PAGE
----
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Cool Old Twin 6-71 DC Generator

Motorhead

Subscriber
Age
67
Last Subscription Date
07/09/2019
When I first started at UPS in 1976, They had some these old Grumman built, Chevy powered package cars. They were 1953 vintage and I am 1952 vintage. http://www.curbsideclassic.com/curb...-classic-olson-kurb-side-the-official-cc-van/

By 1976, the bodies and frames were getting real loose! Fast, straight-away driving was a butt puckering experience to keep it on the road. They were the stovebolt 235 with updraft carbs and a vane governor. You would be hammer down trying to pass someone in high gear and then all the sudden the vane closed down and it fell on it's face, and you had to retreat back to your lane.
 

AngrySailor

Subscriber
Last Subscription Date
01/31/2020
So what year was She built?
She was built in ‘52. Last ship I sailed on was built in ‘43.

Power, I think there is limited movement. You still have to clean the last bit by hand.

I bet a strategic piece of twisted up coat hanger would have fixed that vane governor:O
 

The Diesel Doctor

Subscriber
Last Subscription Date
12/28/2019
Angry Sailor, Your power transfer gear is in the D.D.series 71 engine and gears manual. Both engines turn the same direction. ALIMG_2637.jpg

IMG_2634.jpg

IMG_2631 (1).jpg

IMG_2635.jpg
 

Vanman

Subscriber
Last Subscription Date
06/10/2020
That is unbelievably cool! :D

I wonder if horizontal engines could be used, and the whole assembly could go under the floor of my bus, in place of the single engine that's there now?

Redundancy, run one engine most of the time, alternate between the two every so often, double power on grades, man, that would be sweet!
 

AngrySailor

Subscriber
Last Subscription Date
01/31/2020
That would be cool! I wonder if they would sound different every time they’re clutched in together or if it would be even noticeable that the phasing between them would be different every time. It may not sound as even as say a 12v71:shrug:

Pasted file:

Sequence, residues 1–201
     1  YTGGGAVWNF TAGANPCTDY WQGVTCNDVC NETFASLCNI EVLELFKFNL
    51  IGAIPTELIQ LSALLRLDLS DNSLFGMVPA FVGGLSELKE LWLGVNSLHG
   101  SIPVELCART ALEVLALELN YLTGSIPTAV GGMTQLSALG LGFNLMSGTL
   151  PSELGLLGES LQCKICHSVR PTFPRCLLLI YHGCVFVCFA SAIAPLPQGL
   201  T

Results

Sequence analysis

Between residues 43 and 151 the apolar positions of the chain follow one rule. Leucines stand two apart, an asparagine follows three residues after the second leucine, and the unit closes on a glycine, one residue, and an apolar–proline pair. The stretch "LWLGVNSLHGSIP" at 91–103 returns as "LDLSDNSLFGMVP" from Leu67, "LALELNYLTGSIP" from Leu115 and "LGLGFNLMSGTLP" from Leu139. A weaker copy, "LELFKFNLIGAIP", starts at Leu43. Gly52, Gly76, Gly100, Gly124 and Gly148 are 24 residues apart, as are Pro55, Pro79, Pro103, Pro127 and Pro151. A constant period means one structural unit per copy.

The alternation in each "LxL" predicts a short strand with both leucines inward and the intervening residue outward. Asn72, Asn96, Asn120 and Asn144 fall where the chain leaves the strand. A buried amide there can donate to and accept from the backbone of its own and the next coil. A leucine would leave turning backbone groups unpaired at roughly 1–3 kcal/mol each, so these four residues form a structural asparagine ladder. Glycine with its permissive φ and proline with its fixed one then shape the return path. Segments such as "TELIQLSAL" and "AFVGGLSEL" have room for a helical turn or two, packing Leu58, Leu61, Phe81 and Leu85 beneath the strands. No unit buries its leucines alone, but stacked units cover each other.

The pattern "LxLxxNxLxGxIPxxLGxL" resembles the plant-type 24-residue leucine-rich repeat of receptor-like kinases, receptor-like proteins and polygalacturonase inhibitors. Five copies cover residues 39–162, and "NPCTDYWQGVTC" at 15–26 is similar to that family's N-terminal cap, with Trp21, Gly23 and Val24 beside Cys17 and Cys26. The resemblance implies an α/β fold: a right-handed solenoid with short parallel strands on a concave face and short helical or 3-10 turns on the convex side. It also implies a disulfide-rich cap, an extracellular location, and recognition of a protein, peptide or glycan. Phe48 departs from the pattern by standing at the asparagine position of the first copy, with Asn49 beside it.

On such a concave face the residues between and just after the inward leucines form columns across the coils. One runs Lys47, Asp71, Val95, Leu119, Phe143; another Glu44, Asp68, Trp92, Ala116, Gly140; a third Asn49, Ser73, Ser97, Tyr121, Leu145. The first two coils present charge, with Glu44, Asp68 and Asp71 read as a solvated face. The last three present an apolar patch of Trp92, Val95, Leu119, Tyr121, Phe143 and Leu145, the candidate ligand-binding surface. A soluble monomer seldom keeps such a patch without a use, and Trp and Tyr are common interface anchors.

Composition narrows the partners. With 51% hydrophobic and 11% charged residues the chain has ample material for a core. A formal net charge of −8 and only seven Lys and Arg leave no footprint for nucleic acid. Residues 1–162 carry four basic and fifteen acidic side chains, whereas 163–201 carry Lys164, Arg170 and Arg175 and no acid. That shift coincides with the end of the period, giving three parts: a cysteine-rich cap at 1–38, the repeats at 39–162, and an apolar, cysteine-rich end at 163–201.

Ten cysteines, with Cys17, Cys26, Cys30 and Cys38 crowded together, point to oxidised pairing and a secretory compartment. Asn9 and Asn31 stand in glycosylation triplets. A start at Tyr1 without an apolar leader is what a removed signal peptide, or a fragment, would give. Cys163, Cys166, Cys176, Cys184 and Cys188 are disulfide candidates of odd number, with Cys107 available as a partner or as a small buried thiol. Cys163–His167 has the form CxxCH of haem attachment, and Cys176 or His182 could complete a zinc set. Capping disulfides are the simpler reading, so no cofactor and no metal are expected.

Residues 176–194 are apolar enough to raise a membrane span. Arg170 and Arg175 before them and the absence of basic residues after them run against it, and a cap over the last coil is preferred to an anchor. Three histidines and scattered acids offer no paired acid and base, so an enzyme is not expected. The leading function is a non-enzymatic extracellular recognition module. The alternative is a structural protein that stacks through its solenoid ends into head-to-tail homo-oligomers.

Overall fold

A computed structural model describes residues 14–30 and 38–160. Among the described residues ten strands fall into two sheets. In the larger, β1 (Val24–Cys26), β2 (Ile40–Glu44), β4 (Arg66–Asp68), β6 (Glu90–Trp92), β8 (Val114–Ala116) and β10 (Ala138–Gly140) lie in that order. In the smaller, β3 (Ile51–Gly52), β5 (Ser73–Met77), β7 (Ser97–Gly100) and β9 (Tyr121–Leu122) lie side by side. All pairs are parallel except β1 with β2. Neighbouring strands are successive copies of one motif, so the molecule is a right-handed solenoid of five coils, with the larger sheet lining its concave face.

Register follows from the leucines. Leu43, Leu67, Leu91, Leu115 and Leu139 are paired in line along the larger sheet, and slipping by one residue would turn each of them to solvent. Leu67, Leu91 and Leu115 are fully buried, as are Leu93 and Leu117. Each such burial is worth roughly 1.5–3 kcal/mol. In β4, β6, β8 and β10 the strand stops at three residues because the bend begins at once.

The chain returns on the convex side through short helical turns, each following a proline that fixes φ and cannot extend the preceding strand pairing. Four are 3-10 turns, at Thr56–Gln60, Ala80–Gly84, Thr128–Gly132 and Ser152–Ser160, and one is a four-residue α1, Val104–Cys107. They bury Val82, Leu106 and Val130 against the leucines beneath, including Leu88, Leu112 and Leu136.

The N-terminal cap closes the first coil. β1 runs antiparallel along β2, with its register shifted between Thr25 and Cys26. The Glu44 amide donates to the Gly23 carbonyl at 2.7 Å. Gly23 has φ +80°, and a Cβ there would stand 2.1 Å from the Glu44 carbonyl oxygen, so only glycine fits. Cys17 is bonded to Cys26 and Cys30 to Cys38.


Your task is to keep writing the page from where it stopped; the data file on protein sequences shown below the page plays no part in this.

miltruck

Registered
Because all cylinders fire every stroke, I believe that the phasing is less critical than with a 4 cycle engine. I'm guessing about 300-325 hp at 1700-1800 rpm. If the exhausts are water cooled, I will bet that the noise is really not that bad, just a lot of gear noise. The complete unit w/ gear case must weight close to 2 tons if everything has an iron case/block/head.

A variation of this setup was used in WWII for one of the diesel versions of the M4 Sherman tank, about 375-400 hp or so. Problem was fuel supply for the military at the time was mostly gas so not a lot of them were deployed. Plus the Ford V-8 gas version of the M4 had 500 hp, weighed a lot less than the dual diesels and had more ground speed. Both engines must have sounded great (loud) cooped up in the steel hull of the tank. Would hate to try and start one of these in a hurry during the Battle of the Bulge with the thermometer hovering just above zero. Would need a blow torch stuck in the blower to heat the intake air up so it would maybe even fire with the old style injectors and the low compression pistons of the day. Those tanker crews were real men.
 

AngrySailor

Subscriber
Last Subscription Date
01/31/2020
Dry exhaust but it’s piped up the funnel outside the engine room and insulated. I ran them a couple days ago, didn’t clutch them in but ran them up to operation rpm. They weren’t loaded so noise wasn’t too bad but then again I LIKE Detroit music! The blowers were probably the loudest noise. She’s got 4 oil bath air filters so that probably quiets her down some too.
 

Power

Registered
That is unbelievably cool! :D

I wonder if horizontal engines could be used, and the whole assembly could go under the floor of my bus, in place of the single engine that's there now?

Redundancy, run one engine most of the time, alternate between the two every so often, double power on grades, man, that would be sweet!
With all the accessories, maybe 9-10,000 pounds. Wonder how the bus would handle it. Vanman, did you say steering feels a bit light:O
 

Vanman

Subscriber
Last Subscription Date
06/10/2020
Haha, these are mid-engine buses, so I'd need to get the power steering in top shape!

My three axle bus weighs around 20k, give or take, and GVW is 45k, so would technically be doable. :cool: But that's a LOT of extra weight to be carrying around lol.
 
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